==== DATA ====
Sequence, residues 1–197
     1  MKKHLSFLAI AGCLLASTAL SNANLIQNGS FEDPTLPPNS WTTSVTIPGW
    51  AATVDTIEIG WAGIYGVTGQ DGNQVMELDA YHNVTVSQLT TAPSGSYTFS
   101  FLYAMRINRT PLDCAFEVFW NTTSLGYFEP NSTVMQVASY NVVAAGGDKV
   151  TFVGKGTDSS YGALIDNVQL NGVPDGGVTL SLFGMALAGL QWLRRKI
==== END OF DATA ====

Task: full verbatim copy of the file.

Sequence, residues 1–197
     1  MKKHLSFLAI AGCLLASTAL SNANLIQNGS FEDPTLPPNS WTTSVTIPGW
    51  AATVDTIEIG WAGIYGVTGQ DGNQVMELDA YHNVTVSQLT TAPSGSYTFS
   101  FLYAMRINRT PLDCAFEVFW NTTSLGYFEP NSTVMQVASY NVVAAGGDKV
   151  TFVGKGTDSS YGALIDNVQL NGVPDGGVTL SLFGMALAGL QWLRRKI